All four major Greek banks are expected, sooner rather than later, to issue Tier 2 bonds, even those which have already done so.
The total value of the bonds will depend on the Single Supervisory Mechanism’s setting of Tier 1 capital requirements at the end of the year, but is estimated to come to 2.5 billion euros, including nearly a billion each for Alpha and Piraeus.
Tier 2 capital is supplementary capital and Tier 2 bonds are a form of liability but do not have first claim on assets in the event of a bank liquidation. They are therefore considered a riskier investment.
Even though, at present, the Tier 1 capital of all the “big four” Greek banks (Alpha, Eurobank, National and Piraeus) could absorb the shock of massive sales or debt securitization, they still need to tap the bond market as part of a regulator-imposed obligation to augment their capital.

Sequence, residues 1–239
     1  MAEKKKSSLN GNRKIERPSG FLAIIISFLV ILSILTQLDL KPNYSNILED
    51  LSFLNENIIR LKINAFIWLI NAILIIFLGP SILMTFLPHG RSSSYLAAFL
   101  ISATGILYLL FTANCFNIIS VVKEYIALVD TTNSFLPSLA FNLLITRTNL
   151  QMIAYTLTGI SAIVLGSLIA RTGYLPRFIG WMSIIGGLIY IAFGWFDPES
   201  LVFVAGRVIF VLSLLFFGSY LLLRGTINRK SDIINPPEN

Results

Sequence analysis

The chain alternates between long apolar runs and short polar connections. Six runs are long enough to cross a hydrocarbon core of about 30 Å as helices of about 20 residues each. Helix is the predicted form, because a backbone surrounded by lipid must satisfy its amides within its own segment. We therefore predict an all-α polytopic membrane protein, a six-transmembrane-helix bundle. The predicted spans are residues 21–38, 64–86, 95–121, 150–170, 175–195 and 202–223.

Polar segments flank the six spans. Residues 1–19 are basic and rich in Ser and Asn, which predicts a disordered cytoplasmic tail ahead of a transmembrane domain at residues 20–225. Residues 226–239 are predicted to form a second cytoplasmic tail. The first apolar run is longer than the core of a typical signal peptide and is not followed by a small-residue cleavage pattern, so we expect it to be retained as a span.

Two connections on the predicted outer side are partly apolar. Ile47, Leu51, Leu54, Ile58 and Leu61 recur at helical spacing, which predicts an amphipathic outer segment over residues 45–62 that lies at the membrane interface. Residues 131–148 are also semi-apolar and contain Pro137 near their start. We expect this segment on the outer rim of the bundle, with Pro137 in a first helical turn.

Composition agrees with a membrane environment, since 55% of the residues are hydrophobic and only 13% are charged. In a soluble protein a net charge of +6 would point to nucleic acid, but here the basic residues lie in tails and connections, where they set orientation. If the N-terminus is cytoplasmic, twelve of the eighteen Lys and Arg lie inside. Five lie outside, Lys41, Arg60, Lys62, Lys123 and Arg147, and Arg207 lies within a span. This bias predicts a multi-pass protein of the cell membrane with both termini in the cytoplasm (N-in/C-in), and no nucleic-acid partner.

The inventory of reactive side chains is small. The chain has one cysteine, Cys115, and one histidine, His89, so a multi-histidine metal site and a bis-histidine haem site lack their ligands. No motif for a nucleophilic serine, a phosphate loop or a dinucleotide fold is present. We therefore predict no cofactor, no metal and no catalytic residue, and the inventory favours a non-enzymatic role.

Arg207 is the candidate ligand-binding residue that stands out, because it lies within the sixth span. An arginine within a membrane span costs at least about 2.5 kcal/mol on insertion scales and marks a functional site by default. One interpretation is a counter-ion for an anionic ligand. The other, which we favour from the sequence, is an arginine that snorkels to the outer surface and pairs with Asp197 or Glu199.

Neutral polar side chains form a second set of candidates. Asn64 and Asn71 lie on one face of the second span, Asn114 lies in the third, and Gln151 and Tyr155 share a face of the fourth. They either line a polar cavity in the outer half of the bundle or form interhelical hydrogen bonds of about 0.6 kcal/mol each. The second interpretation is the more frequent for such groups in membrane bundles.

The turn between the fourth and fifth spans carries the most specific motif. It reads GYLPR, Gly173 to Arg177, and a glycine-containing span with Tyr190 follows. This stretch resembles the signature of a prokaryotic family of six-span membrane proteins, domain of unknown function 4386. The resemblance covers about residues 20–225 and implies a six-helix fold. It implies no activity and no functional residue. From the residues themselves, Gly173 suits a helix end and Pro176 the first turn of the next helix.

The capital of the “big four” mainly comprises common stock, plus two bond issues of 400 million euros each by Piraeus and National Bank this summer. Also, since 2017, Eurobank has already converted the preferred shares held by the state into a 950-million Tier 2 bond.